We think logic is the soul power. To an atheist, logic gives that power and by which he can say, “God does not exist because we cannot prove it logically”. What if somebody cannot respect logic as we do, he has to believe in something other power, apart from logic. That power can be called god.

    We can hence directly correlate Reason and Religion because we have utmost faith in Logic, somebody has utmost faith in God. Logic is god for us.

    Have you ever questioned your faith in logic ? Have you thought if it can be logically proved that logic reasoning can be wrong.

    Kurt Godel, the introverted confidant of Einstein, proved that given any sufficiently comprehensive logical system there would always be problems which were true (ie. within the purview of “human logic”), but yet unprovable within said system.

    Does anything above makes sense, logically ?
    It might be right to discredit reason. Why you have faith in reason and not in religion.

  4. UnknownPhilosopher,
    By what means do you hope to convince me that reason is wrong?
    By what means did you convince yourself?
    By what means did you come up with your objections to my post?
    By what means did you conclude that Godel’s proof is valid?
    By what means did you form the concepts of ‘reason’, ‘faith’, ‘logic’, ‘proof’, ‘right’, ‘wrong’ etc?
    Reason is the faculty that allows man to obtain and use his knowledge. Logic is the method of reason. All of man’s knowledge and all his concepts are dependent on reason and logic. To deny their validity is a fallacy.

  5. Lets consider a man in 15th century. He might have come up with the thing called Reason/Logic. Somebody asked him these questions :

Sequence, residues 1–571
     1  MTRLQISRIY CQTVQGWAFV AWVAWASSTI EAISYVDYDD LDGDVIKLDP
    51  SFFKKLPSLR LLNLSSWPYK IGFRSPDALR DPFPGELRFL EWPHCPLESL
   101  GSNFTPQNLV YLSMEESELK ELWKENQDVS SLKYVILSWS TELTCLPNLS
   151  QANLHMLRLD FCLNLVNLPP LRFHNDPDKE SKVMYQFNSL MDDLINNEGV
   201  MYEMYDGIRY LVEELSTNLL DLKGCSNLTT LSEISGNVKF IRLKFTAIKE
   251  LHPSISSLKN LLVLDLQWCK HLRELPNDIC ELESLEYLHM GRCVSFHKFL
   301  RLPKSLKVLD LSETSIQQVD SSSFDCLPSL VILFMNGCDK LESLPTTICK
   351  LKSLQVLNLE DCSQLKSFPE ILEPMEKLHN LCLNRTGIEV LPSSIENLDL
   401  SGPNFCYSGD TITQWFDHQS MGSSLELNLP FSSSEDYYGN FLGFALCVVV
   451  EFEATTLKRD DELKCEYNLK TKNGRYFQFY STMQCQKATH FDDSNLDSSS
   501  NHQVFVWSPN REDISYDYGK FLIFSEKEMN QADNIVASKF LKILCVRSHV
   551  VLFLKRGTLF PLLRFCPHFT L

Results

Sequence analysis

By what means do you hope to convince me that God does not exist ?
    By what means did you convince yourself?
    By what means did you come up with your objections to bible?
    By what means did you conclude that you are right ?
    By what means did you form the concepts of ‘reason’, ‘religion’, ‘faith’, ‘logic’, ‘proof’, ‘right’, ‘wrong’ etc?

    Religion is the faculty that allows man to obtain and use his knowledge. God is the creator of you, this world and your religion. All of man’s knowledge and all his concepts are given from God. To deny God’s existence is a fallacy.

    I am not saying that reason is wrong. There might be something above reason, right now undefined, right now a part of eternity which lies outside the reach of our mind. I am just saying we might not have evolved so much as we think we have.

  6. UnknownPhilosopher,
    Please get your history right. Aristotle wrote an entire treatise on logic in the 4th century BC. Men have been using reason and logic as long as they have been men. Indeed it is man’s ability to reason that sets him apart from other animals.

    “Religion is the faculty that allows man to obtain and use his knowledge.”

    Definition of the word faculty:
    1: ability, power: as
    a: innate or acquired ability to act or do
    b: an inherent capability, power, or function
    c: any of the powers of the mind formerly held by psychologists to form a basis for the explanation of all mental phenomena

    Religion is not a faculty. Man is not born with a religion. Religion has to be grasped by the mind.

    “There might be something above reason, right now undefined, right now a part of eternity which lies outside the reach of our mind.”

    Definition of the word reason
    2 a (1): the power of comprehending, inferring, or thinking especially in orderly rational ways

    Your statement reduces to
    I understand that there is something I do not understand and will never understand.
    How do you understand that?

    I have posted an entry on reason here. Please post further comments there.